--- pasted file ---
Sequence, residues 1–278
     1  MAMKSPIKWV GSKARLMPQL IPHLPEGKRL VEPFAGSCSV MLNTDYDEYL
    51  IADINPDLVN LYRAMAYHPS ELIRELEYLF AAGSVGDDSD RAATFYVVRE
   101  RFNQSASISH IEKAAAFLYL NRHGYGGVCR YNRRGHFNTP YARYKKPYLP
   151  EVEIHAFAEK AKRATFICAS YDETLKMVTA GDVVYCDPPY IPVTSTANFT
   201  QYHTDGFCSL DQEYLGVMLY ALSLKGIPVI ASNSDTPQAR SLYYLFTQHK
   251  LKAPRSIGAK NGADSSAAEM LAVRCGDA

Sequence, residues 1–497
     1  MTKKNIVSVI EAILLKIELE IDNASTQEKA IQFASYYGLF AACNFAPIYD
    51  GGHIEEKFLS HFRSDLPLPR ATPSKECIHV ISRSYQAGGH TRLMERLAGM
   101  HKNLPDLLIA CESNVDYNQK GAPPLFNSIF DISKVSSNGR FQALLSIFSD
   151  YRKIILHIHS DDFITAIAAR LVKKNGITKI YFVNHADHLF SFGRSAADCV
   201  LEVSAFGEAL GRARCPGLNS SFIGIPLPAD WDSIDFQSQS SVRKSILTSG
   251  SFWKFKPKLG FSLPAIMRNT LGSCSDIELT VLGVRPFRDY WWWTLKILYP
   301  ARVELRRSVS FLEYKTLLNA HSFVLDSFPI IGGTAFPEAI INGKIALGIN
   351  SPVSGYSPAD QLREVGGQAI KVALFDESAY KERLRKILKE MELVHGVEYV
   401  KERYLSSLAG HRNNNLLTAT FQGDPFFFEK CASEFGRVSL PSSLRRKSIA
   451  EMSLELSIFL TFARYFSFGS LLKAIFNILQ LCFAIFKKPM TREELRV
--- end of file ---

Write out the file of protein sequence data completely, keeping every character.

Sequence, residues 1–278
     1  MAMKSPIKWV GSKARLMPQL IPHLPEGKRL VEPFAGSCSV MLNTDYDEYL
    51  IADINPDLVN LYRAMAYHPS ELIRELEYLF AAGSVGDDSD RAATFYVVRE
   101  RFNQSASISH IEKAAAFLYL NRHGYGGVCR YNRRGHFNTP YARYKKPYLP
   151  EVEIHAFAEK AKRATFICAS YDETLKMVTA GDVVYCDPPY IPVTSTANFT
   201  QYHTDGFCSL DQEYLGVMLY ALSLKGIPVI ASNSDTPQAR SLYYLFTQHK
   251  LKAPRSIGAK NGADSSAAEM LAVRCGDA

Sequence, residues 1–497
     1  MTKKNIVSVI EAILLKIELE IDNASTQEKA IQFASYYGLF AACNFAPIYD
    51  GGHIEEKFLS HFRSDLPLPR ATPSKECIHV ISRSYQAGGH TRLMERLAGM
   101  HKNLPDLLIA CESNVDYNQK GAPPLFNSIF DISKVSSNGR FQALLSIFSD
   151  YRKIILHIHS DDFITAIAAR LVKKNGITKI YFVNHADHLF SFGRSAADCV
   201  LEVSAFGEAL GRARCPGLNS SFIGIPLPAD WDSIDFQSQS SVRKSILTSG
   251  SFWKFKPKLG FSLPAIMRNT LGSCSDIELT VLGVRPFRDY WWWTLKILYP
   301  ARVELRRSVS FLEYKTLLNA HSFVLDSFPI IGGTAFPEAI INGKIALGIN
   351  SPVSGYSPAD QLREVGGQAI KVALFDESAY KERLRKILKE MELVHGVEYV
   401  KERYLSSLAG HRNNNLLTAT FQGDPFFFEK CASEFGRVSL PSSLRRKSIA
   451  EMSLELSIFL TFARYFSFGS LLKAIFNILQ LCFAIFKKPM TREELRV